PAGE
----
The Diversity of Knowledge: Reflections on the Agrobiodiversity@knowledged programme | Natural Environment

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Despite its importance for food security, smallholder livelihoods and the environment, agricultural biodiversity is disappearing at an alarming rate and with it the knowledge embedded in its management and use. With the Agrobiodiversity@Knowledged Programme, Hivos and Oxfam Novib wanted to contribute to solutions for this unfolding drama. This report is the result of a three-year knowledge programme run by Hivos and Oxfam Novib in collaboration with civil society organizations and academics working in the field of agricultural biodiversity around the world. It reveals stories of change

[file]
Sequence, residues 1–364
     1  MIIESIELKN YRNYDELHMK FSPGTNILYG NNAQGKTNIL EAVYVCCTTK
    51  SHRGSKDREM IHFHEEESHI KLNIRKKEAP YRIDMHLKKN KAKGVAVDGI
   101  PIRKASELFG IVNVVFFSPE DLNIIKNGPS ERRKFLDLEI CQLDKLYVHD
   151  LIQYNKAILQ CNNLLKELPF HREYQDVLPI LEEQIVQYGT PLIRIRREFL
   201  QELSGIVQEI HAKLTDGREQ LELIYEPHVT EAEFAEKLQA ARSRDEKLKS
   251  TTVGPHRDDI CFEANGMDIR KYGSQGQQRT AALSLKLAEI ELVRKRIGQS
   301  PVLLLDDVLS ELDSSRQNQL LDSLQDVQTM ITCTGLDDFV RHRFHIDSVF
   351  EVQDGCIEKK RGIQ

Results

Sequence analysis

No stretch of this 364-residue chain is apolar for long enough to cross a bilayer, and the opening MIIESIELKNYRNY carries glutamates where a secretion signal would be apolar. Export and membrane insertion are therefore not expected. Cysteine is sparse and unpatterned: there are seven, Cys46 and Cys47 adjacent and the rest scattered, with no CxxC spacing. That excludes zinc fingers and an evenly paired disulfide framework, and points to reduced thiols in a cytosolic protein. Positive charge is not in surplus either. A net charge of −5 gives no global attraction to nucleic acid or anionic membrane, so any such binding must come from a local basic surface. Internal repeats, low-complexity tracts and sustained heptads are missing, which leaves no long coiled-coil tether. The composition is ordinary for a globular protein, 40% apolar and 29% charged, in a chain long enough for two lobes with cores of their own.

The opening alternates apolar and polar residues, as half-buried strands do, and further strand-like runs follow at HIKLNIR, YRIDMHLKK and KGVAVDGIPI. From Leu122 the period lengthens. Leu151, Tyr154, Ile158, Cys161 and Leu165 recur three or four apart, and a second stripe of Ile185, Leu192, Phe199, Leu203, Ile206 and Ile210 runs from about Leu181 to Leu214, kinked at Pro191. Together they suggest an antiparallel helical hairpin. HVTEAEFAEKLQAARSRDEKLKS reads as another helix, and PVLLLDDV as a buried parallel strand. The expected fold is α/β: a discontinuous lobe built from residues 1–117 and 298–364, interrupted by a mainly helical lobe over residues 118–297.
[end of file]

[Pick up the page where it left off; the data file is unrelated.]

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  The diversity of knowledge Reflections on the Agrobiodiversity@knowledged programme  Colophon Hivos Raamweg 16, PO Box 855652508 CG The Hague, the Netherlandswww.hivos.org Oxfam Novib Mauritskade 9, PO Box 309192500 GX The Hague, the Netherlandswww.oxfamnovib.nl Agricultural Biodiversity Community c/o Dhan Foundation, Madurai, Tamil Nadu, Indiadhanfoundation@dhan.orgwww.agriculturalbiodiversity.org ILEIA - Centre for learning on sustainable agriculture Secretariat of the AgriCultures NetworkPO Box 90, 6700 AB Wageningen, The Netherlandswww.ileia.org ileia@ileia.org First published in December 2015 by the Hivos-Oxfam Novib Agrobiodiversity@knowledged Programme under the Creative Commons Attribution-Share Alike Works 3.0 License. To view a copy of this license, visit www.creativecommons.org/licences/by-sa/3.0/ Credits Interviews: Henkjan Laats en Edith van Walsum, ILEIA Editorial team: Henkjan Laats, Nick Pasciesznik, Edith van Walsum, Janneke Bruil and Danielle Peterson, ILEIA www.ileia.org Design: www.classdesign.nlCover Photo: Willy DoumaPrint: Lifoka  3  Reflections on the Agrobiodiversity@knowledged programme Content   Preface  1   Building a knowledge programme on agrobiodiversity   2   Twelve perspectives   From a loose network towards a self regulated and self financed community Dr Vasimalai - Dhan Foundation, India  Building a community, going on a journey Frank Heckman – Embassy of the Earth, the Netherlands  Scaling-up a local experience Elizabeth Katushabe – Pastoral and Environmental Network in the Horn of Africa (PENHA), Uganda  Learning from practical experience Michael Commons - Earth Net and Green Net, Thailand  Agricultural biodiversity and markets Maryleen Micheni - Participatory Ecological Land Use Management Association (PELUM), Kenya  Resilience and learning from the grassroots  Jamila Haider - Stockholm Resilience Center, Sweden  Cross-cultural aspects of learning Michael Farelly - Tanzania Organic Agriculture Movement (TOAM)  Scaling-up at a national, regional, continental and global level  Andrew Mushita - Community Technology Development Trust (CTDT), Zimbabwe  Amplifying the horizon Dang Cereno – SEARICE, The Philippines  Open source seeds and agroecology Dr Ramanjaneyulu - Centre for Sustainable Agriculture, India  Influencing policy Patrick Mulvany – UK Food Group, United Kingdom  Scaling up and out - Making knowledge and experience flow Willy Douma - Hivos, the Netherlands - and Gine Zwart - Oxfam Novib, the Netherlands 3   Reflection   4682781012 1315 1618 1921 222325  4  Preface Despite its importance for food security, smallholder livelihoods and the environment, agricultural biodiversity is disappearing at an alarming rate and with it the knowledge embedded in its management and use. With the Agrobiodiversity@Knowledged Programme, Hivos and Oxfam Novib wanted to contribute to solutions for this unfolding drama. This report is the result of a three years knowledge programme of Hivos, Oxfam Novib and civil society organisations and academics working in the field of agricultural biodiversity around the world. It reveals stories of change - changes within people and changes within the programmes of their organisations - related to agricultural biodiversity. For 10 years, before the programme, we ran the Hivos-Oxfam Novib Biodiversity Fund, supporting international civil society organisations working on agrobiodiversity in its broadest sense. It revealed lots of knowledge available within civil society on the benefits of agrobiodiversity based farming systems. So far most research has focused on improving productivity of a limited number of crops. The results of this approach are now surfacing. After years of public and private led intensification in agriculture, supported by huge amounts of financial and human resources, agrobiodiversity is quickly disappearing. However, a large percentage of the farmers in resource poor regions of the world continue to depend on the seeds and breeds in their own fields and surroundings, and do not receive much research or state support. They are the custodians of diversity. Instead of celebrating these farmers and recognising their work, they are depicted as backward and often pushed into a monoculture oriented farming system. While the Biodiversity Fund helped to create islands of success and understanding, it lacked the instruments to make initiatives of agrobiodiversity come to scale. The question arose what else was needed to break the glasshouse around agricultural biodiversity, as we started referring to it back in 2012. We started exploring the possibility of a ‘knowledge for change’ programme. In collaboration with the Stockholm Resilience Centre, we used a resilience theory approach to identify areas in which key civil society actors can act as bridges between Photo: Hivos / Oxfam Novib Participants of the ABC meeting at Thika, Kenya.
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